Hayley Burke has a new job as the curator of Lady Georgiana Fowling’s First Edition Society’s library in Bath. She also lives in the Middlebank House, a Georgian manor, where the library is kept. The late Lady Fowling’s former secretary, Glynis Woolgar also lives in the house. The women don’t get along because Hayley wants to modernize the Society so that it could be profitable. Lady Fowling wrote murder mysteries and the library is dedicated to first editions from the Golden Age of Mysteries. Hayley’s other problem is that she’s never even read a mystery: she’s an English Lit major. She’s planning to read one whenever she doesn’t have to fight with Mrs. Woolgar, advise her adult daughter, or travel to London to see her inventor boyfriend. Meanwhile, she avoids talking about mystery books as much as she can.

She’s arranged for a group of mystery fanfiction writers to meet weekly at the Middlebank House and pay for the privilege. Mrs. Woolgar doesn’t like it, of course, and complains about them all the time. But then one of the writers is found dead in the library. Initially, Hayley has no intention of investigating the crime but she needs to preserve the Society, not to mention her job, so soon she becomes an amateur sleuth.

This was a fun mystery set in a very bookish environment. The story has lots of twists but the ending didn’t really work for me. In addition to the mystery, Hayley juggles a long-distance relationship with her absent-minded boyfriend, giving motherly advice to her daughter, and she meets an annoying literature professor. The fanfiction writers are a very colorful lot. The story is a bit too long and sometimes focuses a bit too much on Hayley’s life than the mystery. Otherwise, it was quite entertaining.

A stand-alone SF book.

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Publishing year: 2016

Format: Print

Publisher: Crown

Finnish translator: Tammi

Finnish publisher: Ilkka Rekiaho

Page count: 400

Jason Dessen is a professor of physics at a college in Chicago. When he was younger, he wanted to become a scientist and pursued that career. But then his wife-to-be, Daniela, told him she was pregnant. Jason settled for a secure job and she gave up her art career, and instead they had a son.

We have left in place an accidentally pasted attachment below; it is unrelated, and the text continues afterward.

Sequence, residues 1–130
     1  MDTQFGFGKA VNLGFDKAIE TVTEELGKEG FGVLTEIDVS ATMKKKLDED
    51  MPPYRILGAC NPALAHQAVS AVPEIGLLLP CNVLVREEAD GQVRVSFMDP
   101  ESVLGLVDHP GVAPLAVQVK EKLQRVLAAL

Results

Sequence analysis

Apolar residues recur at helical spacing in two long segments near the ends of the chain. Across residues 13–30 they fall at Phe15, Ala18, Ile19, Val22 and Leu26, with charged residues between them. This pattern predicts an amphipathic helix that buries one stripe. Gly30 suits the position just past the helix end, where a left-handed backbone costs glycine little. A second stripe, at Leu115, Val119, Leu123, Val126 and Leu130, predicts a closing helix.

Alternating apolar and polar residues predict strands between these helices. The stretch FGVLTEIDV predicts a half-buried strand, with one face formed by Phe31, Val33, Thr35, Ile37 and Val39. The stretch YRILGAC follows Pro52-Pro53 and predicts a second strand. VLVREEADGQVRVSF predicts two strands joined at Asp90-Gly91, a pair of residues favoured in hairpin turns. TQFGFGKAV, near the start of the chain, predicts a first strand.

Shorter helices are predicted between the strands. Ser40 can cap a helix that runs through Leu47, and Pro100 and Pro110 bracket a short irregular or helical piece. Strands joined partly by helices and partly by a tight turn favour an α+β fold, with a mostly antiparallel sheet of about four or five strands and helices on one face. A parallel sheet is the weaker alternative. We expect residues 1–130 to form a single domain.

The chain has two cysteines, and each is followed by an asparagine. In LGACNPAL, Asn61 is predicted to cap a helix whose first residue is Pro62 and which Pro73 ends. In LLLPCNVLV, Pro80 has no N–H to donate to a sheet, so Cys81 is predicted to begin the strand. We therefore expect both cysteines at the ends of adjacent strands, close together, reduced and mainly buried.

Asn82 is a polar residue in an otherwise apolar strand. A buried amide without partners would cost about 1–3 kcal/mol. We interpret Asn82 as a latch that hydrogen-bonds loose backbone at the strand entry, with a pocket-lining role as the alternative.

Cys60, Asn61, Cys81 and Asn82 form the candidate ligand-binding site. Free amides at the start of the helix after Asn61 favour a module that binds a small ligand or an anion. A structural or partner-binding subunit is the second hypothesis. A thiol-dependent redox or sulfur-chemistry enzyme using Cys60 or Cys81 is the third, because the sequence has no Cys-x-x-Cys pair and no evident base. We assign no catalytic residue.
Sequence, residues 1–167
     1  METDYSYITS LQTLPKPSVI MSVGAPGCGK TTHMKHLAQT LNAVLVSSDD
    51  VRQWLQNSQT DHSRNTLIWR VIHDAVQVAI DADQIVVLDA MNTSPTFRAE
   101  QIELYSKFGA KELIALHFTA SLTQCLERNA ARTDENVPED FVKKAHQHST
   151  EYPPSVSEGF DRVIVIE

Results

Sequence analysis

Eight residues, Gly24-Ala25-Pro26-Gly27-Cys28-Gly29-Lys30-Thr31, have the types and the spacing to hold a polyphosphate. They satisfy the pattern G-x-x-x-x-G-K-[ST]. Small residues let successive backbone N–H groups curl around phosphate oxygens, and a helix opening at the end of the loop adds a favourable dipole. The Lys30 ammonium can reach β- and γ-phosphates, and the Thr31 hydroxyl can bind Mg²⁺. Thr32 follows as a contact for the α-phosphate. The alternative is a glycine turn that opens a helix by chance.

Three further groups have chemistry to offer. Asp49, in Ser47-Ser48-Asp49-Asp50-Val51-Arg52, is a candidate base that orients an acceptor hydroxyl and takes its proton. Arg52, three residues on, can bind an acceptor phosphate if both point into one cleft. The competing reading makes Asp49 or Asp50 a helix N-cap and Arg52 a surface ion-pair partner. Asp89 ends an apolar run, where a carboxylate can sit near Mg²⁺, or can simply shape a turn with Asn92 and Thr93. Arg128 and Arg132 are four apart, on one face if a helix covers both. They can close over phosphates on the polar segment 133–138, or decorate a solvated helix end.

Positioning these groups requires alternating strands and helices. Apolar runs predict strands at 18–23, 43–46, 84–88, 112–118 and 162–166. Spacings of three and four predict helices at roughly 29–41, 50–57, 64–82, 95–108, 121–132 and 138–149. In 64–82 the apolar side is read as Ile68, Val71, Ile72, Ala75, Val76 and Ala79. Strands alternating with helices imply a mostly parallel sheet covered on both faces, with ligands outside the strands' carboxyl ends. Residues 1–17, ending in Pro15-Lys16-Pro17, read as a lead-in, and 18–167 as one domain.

When the story starts, Jason and his family are having a quiet family night. His old friend got a prestigious award, and Jason’s wife persuades him to go out and have a drink with the friend to celebrate. While walking back home, Jason thinks about how his life could have gone differently if he had chosen to pursue his career instead of staying with Daniela. A masked man holds a gun on Jason and kidnaps him. The abductor takes Jason to an abandoned factory. He asks if Jason is happy and then knocks Jason out with a drug.

When Jason wakes up, he’s in an unfamiliar facility with people who know him, but he doesn’t know them. He’s on a gurney and people are celebrating that he ”came back”. What is going on and can he get back home?

This was a fast-paced thriller. The descriptions were minimal and the pacing was excellent. Jason is the first-person, present tense narrator, although we get a few glimpses from another POV. Still, there is time for Jason to think about the choices he has made and the choices other people have made. He’s a sympathetic main character, and I empathized with his problems.

The first part of the book is a mystery, so I don’t want to spoil it. The only thing I didn’t care for was how long it took for Jason to realize what was going on, but that’s a minor complaint. Many of the twists surprised me and so did the ending.

Excellent read.

The first book in the SF series Mickey7.

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Publication year: 2020

Format: Audio

Running time: 9 hours, 15 minutes
Narrator: John Pirhalla, Katherine Chin

Mickey7 is an Expendable, an employee whose consciousness is downloaded to a new clone body after he dies. So, he does all the most dangerous jobs and especially those where he is sure to be killed. There can only be one version of an Expendable at a time. Also, it’s easier to grow a new body than replace an expensive drone or other equipment, so that’s why people who have space-age technology use expendable humans.

He and the rest of the crew are colonists on Niflheim, a planet that was supposed to be able to support life easily. When the ship arrived, they saw that the planet was ice and snow. It also has dangerous animals which were dubbed creepers. The colony is struggling and resources are low.